Eleanor & Park, Rainbow Rowell’s YA debut, is the story of two star-crossed misfits—smart enough to know that first love almost never lasts, but brave and desperate enough to try. Eleanor & Park is already a favorite among best-selling authors; Gayle Forman calls it “A sexy, smart romance” and John Green said “Eleanor & Park reminded me not just what it’s like to be young and in love with a girl, but also what it’s like to be young and in love with a book.”
What inspired you to write a misfits-in-love story like Eleanor & Park?
I have always, always wanted to write a first love story. I feel like, when you’re 16, you have the greatest-ever capacity for romantic love. You fall in love with every cell of your body. But, at the same time, at that age, you have so little to offer the person you love. You don’t belong to yourself quite yet—you still have school and your parents, you don’t even have your own space…
And you also know that what you’re feeling probably won’t last. First love usually doesn’t. There’s a built-in tragedy to falling (truly) in love when you’re 16. It’s like every 16-year-old in love is either Romeo or Juliet. That is what I wanted to write about.
Eleanor & Park covers a lot of ground, from difficult family situations to the way music can open up a new world. But most of all, it’s about first love. Is that what you set out to write about?
My motivation was to make people actually feel love, to give them a realistic view of it. If they’re young and never been in love, for them to know – yes, this is how it feels. And if they’re older and they have, to feel it as a sense memory.
Eleanor and Park don’t necessarily look like conventional YA main characters – Eleanor is bullied because of her weight, and Park is smaller and the only Asian kid in the neighborhood. What was your thought process behind creating them that way?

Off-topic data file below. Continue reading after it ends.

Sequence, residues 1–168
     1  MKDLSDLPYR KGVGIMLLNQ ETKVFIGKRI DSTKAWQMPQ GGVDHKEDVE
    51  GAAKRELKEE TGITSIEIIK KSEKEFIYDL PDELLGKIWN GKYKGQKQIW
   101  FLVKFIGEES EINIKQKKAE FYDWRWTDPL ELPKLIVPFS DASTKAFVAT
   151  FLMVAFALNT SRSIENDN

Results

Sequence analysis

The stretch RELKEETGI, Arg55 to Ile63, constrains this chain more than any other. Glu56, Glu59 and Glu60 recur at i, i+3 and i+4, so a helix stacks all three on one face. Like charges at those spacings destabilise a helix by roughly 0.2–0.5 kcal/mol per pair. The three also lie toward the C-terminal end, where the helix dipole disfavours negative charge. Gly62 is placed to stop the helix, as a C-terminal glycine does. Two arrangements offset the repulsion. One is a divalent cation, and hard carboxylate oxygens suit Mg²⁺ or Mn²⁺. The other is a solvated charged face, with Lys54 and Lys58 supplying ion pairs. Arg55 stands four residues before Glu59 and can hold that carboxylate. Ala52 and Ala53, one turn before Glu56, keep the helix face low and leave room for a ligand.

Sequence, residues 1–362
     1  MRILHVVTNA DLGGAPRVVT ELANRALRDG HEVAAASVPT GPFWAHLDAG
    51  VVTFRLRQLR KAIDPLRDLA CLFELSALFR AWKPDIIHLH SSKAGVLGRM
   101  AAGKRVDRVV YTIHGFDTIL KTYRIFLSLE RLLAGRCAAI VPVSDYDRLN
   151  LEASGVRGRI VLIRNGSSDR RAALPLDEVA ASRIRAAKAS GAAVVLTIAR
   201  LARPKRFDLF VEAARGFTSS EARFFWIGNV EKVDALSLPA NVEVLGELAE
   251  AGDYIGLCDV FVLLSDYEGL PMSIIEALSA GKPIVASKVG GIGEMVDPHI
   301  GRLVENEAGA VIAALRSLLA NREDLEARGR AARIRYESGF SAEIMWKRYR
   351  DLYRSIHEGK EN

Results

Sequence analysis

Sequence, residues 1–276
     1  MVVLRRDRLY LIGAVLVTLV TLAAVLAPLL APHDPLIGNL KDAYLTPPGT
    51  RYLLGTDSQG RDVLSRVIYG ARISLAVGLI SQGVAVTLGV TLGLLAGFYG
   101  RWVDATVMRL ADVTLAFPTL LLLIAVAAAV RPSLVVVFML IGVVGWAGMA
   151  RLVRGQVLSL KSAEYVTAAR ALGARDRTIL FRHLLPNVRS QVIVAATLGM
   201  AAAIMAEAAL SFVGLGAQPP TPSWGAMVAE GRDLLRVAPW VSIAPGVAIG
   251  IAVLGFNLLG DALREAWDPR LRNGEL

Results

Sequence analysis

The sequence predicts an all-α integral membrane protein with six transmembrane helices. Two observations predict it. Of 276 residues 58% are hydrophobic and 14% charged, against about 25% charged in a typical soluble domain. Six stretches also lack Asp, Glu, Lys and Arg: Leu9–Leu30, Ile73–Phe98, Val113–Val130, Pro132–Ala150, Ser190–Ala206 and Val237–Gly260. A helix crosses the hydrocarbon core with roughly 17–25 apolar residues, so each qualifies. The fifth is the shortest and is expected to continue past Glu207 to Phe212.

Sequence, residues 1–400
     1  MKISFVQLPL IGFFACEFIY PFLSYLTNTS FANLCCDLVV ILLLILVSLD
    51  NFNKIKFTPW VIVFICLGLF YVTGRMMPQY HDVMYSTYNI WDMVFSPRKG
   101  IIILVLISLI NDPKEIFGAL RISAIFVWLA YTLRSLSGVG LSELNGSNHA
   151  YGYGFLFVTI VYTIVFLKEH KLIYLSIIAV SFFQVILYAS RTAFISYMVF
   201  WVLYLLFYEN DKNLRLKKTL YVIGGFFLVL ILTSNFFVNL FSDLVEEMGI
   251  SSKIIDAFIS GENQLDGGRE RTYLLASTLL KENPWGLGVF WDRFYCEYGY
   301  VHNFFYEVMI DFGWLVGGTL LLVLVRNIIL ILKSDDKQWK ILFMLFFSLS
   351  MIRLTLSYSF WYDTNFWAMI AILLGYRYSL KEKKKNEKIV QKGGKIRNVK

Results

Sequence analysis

Well, they’re not conventional in that they don’t look like the models that usually end up on teen magazine and book covers. But who does look like that? Nobody I’ve ever been attracted to.
I think the whole idea of conventional beauty and attractiveness is a lie. You can say that Ryan Gosling is handsome, or that Natalie Portman is beautiful. But does it matter? When you look at the person you love, you see that person in a way no one else can. Attraction is what happens between you.
Eleanor and Park were both attractive to me; when I was writing this book, I was half in love with both of them.
Your first book, Attachments, was an
adult novel -- why switch to young adult now?
I didn't do it consciously. This was just the story I wanted to tell next -- the only story in my head, at the time -- and I didn't even realize that Eleanor & Park would be YA, at first. But once I started working through that with my editor, it felt like a good fit. I've always read a lot of YA, and I'm drawn to movies and TV shows about teenagers. (Freaks and Geeks is my all-time favorite.) I think maybe I'm still trying to process everything I felt/saw/survived from 13 to 20.
What can you tell us about your upcoming book Fangirl?
It’s about a girl who doesn’t think she’s good at life—but she’s really good at being a fan. She feels more comfortable in fandom. She’s been writing fan fiction about the same two characters—Simon and Baz—since she was 12, and she’s gotten kind of famous in that world.
The book is about her first year of college. She’s got a mean roommate (with a too-friendly boyfriend). Her twin sister’s ignoring her, her dad’s a mess, her writing professor is pushing her too hard…She keeps having to rise to the occasion, but all she really wants to do is stay in her room and write more Simon/Baz.
Also, she falls in love. (Because, in my books, somebody always falls in love.)